UPDATE: Local volunteer accused of trafficking stolen gift cards

Police say he led shoplifting ring




A Vancouver man involved in multiple volunteer efforts has been accused of knowingly selling nearly $700,000 in fraudulently-obtained gift cards over a three-year period.

Fred. J. Engh, 30, appeared Thursday in Clark County Superior Court on suspicion of first-degree knowingly trafficking stolen property, money laundering, leading organized crime, second-degree possession of stolen property, unlawful possession of a firearm and violation of the Uniform Controlled Substance Act. He will be arraigned on the charges May 30.

Judge Robert Lewis set bail at $200,000.

Engh is a board member of Meals on Wheels, and serves on the steering committee of Vancouver’s Luepke- Center, a community center for seniors.

He is accused of leading a network of shoplifters, who swiped merchandise from stores and then returned the items for store credit on a gift card. Then, the shoplifters allegedly sold the gift cards to Engh for about 40 percent to 75 percent of face value, according to a probable cause affidavit. He is accused of purchasing the goods, knowing that they were stolen, and selling them from his home on eBay for a profit.

Court documents indicate the organized shoplifting ring operated in Washington, Oregon and Nevada. Clark County sheriff’s detectives began investigating Engh in February after meeting with multiple retailers who provided information that Engh was inquiring into the value of hundreds of gift cards. J.C. Penney, alone, traced Engh’s phone number to balance inquiries into gift cards given to more than 300 people, who made more than one non-receipted return to their store, according to court documents. Lowe’s Home Improvement found a similar connection, the court documents say. During a 103-day period, Engh allegedly inquired into 311 gift cards worth at total of $103,000.

A private investigator, who looked into Engh’s activities, told police that he sold Safeway gift cards to Engh, under the pretense that the gift cards were stolen. Court documents don’t specify who hired the private investigator.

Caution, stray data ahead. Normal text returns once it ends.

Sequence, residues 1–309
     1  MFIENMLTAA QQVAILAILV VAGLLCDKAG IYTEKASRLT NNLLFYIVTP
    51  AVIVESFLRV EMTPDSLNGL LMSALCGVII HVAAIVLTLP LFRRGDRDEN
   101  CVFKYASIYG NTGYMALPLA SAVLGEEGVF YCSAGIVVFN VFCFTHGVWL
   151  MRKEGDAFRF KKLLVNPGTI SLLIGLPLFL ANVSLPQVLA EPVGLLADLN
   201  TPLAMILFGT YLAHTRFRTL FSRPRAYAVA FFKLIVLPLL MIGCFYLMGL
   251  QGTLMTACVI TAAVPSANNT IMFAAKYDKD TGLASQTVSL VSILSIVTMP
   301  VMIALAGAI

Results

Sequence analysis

The private investigator said that Engh also connected him with shoplifters who needed a driver, according to the affidavit. Engh said that he had been working with the shoplifters for an “extended period of time,” the court document said. The private investigator preserved a Feb. 9 text message in which Engh allegedly introduced him to a “large-scale booster.” A booster is a street term for a shoplifter who returns stolen merchandise for a gift card.

When a search warrant was served on his home, police said, they also found he had Oxycodone, which wasn’t prescribed to him, and firearms. Engh isn’t allowed to have firearms because he’s a convicted felon.

He pleaded guilty in January 2003 to felony possession of a controlled substance — psylocybin, with the intent to deliver and was sentenced to 42 months in prison. Psylocybin is found in psychedelic mushrooms.

His other criminal history includes fourth-degree domestic violence assault in 2009, malicious mischief in 2010 and 2012, disorderly conduct in 2006, phone harassment in 2002, reckless driving in 2002 and failure to appear at court hearings, according to court records.

Josephine Townsend, Engh’s attorney, said the sale of gift cards was Engh’s business. Court documents indicate the sales were his only source of income for the past two years. Townsend said he reported income of $350,000 to the IRS for 2012 for what he viewed as his legitimate business. She said when he bought gift cards from sellers, he specifically warned them that he wouldn’t buy cards obtained through illegal means. However, there was not a good way to verify whether sellers were telling him the truth, she said.

Engh is one of 20 members of the board for the Portland-based Meals on Wheels. The organization serves hot meals to seniors in the Portland-Vancouver metro area.

He lives in the Wildwood neighborhood.

Engh has a bachelor’s degree in business management from Washington State University, according to the Meals on Wheels website. He also has “worked with a variety of small businesses development and implement(ed) growth and strategic planning,” the website says.

He delivered Meals on Wheels between 2008 and 2011, said organization spokeswoman Julie Piper Finley. The latter year was the first time Meals on Wheels required deliverers to undergo background checks. Engh failed his background check. After that, he was prohibited from delivering meals to seniors but was allowed to continue working under supervision at the Luepke Center Meals on Wheels site, Finley said.

Engh joined the organization’s board in September 2012 as volunteer representative from Luepke, she said. About 5 percent of the board is made up of volunteer representatives; the other 95 percent of representatives come largely from businesses, she said.

Engh was, what she called, an “inactive board member,” in that he has attended only one or two meetings since joining the board.

Unlike volunteers who deliver meals, board members are not required to undergo background checks because they don’t handle money or interact with vulnerable adults, she said. Their primary role is to set policy and approve contracts.

Paris Achen: 360-735-4551; http://twitter.com/Col_Courts; http://facebook.com/ColTrends paris.achen@columbian.com.